Growing up, Grunfeld was fascinated not only with his grandmother’s Eastern European cooking (“I eat so much sometimes that I get sick,” he says),  but also, when he was old enough, her tales of those early days. Stanford was just 25 minutes from where she lived and he would take notes when they talked or at least when he wasn’t eating.

            In that respect, he is unlike most of us who when young who don’t write things down and so lose the important stories of our elders. Indeed, I had a Romanian grandmother who loved to cook but I just ate and never recorded her times in her homeland and her journey to East Chicago and so all that is lost. Bravo to Grunfeld who felt that these stories were important enough to turn into a book. He did it for Anyu who doesn’t want people to forget the Holocaust and what happened to her family and so many families like hers. He did it to enshrine her story into written words. And he did it so that her courage could help all of us when things seem very dark.

            “My grandmother certainly has an incredible attitude and approach to life,” he says. “She’s such a remarkable person. I say if my grandmother can survive and be like this than there is hope for all of us.”

            When I ask Grunfeld if he misses basketball, he tells me that he misses what it was like playing the game when you’re playing at a high level and having success.  

            “I also understand that part of my life is over,” says Grunfeld who is married and is expecting the birth of his second son in a matter of weeks. “I’m at a point in my life where I realize I’m not coming back. But there are so many other ways you can integrate it into your life. You can watch it, read about it, and write about it.”

            Which, of course, is what he did.

            As for that spoon Anyu found. 75 years later she gave it to Dan who keeps it in the drawer next to his bed.  Sometime in the future, it most likely will be passed on to Dan’s son Solomon, named after his grandfather who died at Auschwitz.

For Dan Grunfeld’s events, click here.

The Year’s Best Sports Writing 2021

            For thirty years, Glenn Stout, the founding editor of The Best American Sports Writing series, has read–or at least started to read—a seemingly endless pile of articles searching for the most exceptional sports stories of the year. That hunt seemingly ended when the publishing company was purchased and the new owners canceled that series as long as several others.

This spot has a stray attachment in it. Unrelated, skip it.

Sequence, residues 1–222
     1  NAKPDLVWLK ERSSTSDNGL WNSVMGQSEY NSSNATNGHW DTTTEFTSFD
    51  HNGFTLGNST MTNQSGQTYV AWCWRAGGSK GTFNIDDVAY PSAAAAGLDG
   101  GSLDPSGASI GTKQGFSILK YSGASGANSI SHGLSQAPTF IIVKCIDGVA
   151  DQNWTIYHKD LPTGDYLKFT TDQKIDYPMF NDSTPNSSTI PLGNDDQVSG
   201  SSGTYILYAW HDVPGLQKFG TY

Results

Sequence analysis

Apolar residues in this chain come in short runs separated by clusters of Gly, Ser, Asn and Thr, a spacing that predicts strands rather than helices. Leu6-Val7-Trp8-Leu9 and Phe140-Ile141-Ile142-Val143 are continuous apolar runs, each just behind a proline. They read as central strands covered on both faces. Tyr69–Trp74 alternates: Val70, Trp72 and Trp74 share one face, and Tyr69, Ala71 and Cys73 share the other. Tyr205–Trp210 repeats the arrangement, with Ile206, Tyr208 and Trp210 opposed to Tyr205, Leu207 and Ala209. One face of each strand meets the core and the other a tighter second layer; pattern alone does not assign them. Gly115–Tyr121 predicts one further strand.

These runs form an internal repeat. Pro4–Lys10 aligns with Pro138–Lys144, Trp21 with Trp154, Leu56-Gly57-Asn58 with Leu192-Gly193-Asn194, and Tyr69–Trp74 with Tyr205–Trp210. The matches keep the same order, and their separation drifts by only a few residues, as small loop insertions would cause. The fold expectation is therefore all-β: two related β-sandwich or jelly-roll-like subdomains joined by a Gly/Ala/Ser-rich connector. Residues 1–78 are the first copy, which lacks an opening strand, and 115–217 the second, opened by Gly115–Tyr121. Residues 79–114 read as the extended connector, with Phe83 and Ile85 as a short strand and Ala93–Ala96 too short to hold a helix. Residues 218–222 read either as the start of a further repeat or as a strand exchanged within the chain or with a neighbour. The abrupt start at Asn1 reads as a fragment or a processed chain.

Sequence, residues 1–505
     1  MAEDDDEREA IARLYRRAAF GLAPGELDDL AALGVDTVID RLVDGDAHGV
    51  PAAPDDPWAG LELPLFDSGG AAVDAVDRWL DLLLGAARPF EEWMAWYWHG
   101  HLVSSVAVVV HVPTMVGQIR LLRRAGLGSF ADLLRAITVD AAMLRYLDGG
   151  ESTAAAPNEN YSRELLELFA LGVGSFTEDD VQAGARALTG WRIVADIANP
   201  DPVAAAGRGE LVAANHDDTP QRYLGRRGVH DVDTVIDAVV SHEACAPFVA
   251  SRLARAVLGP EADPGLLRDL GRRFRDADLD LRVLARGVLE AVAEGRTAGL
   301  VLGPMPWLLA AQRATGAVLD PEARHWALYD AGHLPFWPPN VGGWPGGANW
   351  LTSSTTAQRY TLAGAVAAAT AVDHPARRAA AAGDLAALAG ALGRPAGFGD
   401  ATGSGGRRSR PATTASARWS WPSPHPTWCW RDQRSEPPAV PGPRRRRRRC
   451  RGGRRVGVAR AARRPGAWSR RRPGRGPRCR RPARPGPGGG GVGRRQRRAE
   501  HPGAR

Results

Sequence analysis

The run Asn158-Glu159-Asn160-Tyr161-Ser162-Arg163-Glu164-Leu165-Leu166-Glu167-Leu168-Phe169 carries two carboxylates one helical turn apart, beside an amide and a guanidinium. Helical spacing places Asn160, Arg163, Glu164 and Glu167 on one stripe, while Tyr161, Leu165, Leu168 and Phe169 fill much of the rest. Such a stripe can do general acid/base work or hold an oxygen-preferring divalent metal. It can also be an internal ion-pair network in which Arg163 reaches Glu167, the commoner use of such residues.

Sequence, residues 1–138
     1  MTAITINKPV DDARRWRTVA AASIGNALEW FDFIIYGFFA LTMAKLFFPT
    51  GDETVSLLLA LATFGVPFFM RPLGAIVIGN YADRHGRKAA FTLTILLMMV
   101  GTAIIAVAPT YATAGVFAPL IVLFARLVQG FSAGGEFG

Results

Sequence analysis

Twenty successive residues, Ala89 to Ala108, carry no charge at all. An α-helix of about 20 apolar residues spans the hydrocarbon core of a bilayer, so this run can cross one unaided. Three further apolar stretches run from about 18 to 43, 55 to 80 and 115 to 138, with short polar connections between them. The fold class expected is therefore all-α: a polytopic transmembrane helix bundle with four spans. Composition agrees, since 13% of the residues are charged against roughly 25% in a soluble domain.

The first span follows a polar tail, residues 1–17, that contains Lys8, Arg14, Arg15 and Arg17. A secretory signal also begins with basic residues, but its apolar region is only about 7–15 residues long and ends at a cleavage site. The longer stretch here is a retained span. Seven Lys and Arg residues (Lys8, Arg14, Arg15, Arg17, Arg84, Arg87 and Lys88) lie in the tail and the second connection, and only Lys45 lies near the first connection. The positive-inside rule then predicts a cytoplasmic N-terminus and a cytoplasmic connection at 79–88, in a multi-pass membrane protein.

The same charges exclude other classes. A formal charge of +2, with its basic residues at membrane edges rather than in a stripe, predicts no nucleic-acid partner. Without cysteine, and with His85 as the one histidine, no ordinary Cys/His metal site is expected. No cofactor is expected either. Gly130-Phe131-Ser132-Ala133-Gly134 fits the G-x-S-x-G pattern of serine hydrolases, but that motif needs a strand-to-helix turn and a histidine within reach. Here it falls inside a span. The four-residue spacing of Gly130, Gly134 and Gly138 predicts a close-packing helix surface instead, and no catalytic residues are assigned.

That’s when Triumph Books, the Chicago-based publisher decided to recreate the series and this October, with Stout editing again, the first in the new series, The Year’s Best Sports Writing 2021 was released.

            Longform sports writing for those who are not in-the-know (as I was before talking to Stout) aren’t typical play-by-play game descriptions but instead are in-depth profiles and feature articles offering fascinating views into a variety of sports-related subjects. For example, when I tell Stout, in a phone conversation from his home on Lake Champlain in northwestern Vermont that I particularly enjoyed “Twelve Minutes and a Life” by Mitchell S. Jackson in this year’s anthology, he gave a laugh as it turns out I wasn’t alone. The article, which ran in the June 18, 2020, issue of Runner’s World, won both the 2021 Pulitzer Prize and the National Magazine Award for Feature Writing recounted the killing of Ahmaud Arbery from differing aspects including the beginnings of jogging in the 1960s and how it evolved into a mostly White national sport.

            That certainly proves the caliber of the writing included in this year’s book which also features such articles as “The Confederate Flag Is Finally Gone at NASCAR Races, and I Won’t Miss It for a Second” by Ryan McGee, first published in ESPN, June 10, 2020, “Their Son’s Heart Saved His Life. So He Rode 1,426 Miles to Meet Them” by A.C. Shilton, first published in Bicycling, January 24, 2020, and “This Woman Surfed the Biggest Wave of the Year” by Maggie Mertens, first published in The Atlantic, September 12, 2020.

            But as time consuming as reading—and often re-reading sports stories—is, Stout has also found time to write, edit, or ghostwrite over 100 books such as his 2009 Young Woman and the Sea; How Gertrude Ederle Conquered the English Channel and Changed the World, now to be made into a motion picture and his latest Tiger Girl and the Candy Kid: America’s Original Gangster Couple, a true crime book about a Bonnie and Clyde-like Jazz Age couple only with a more compelling storyline and, according to Stout and the photos I’ve seen, much better looking. There’s also Fenway 1912: The Birth of a Ballpark, a Championship Season, and Fenway’s Remarkable First Year and The Complete Story of Chicago Cubs Baseball.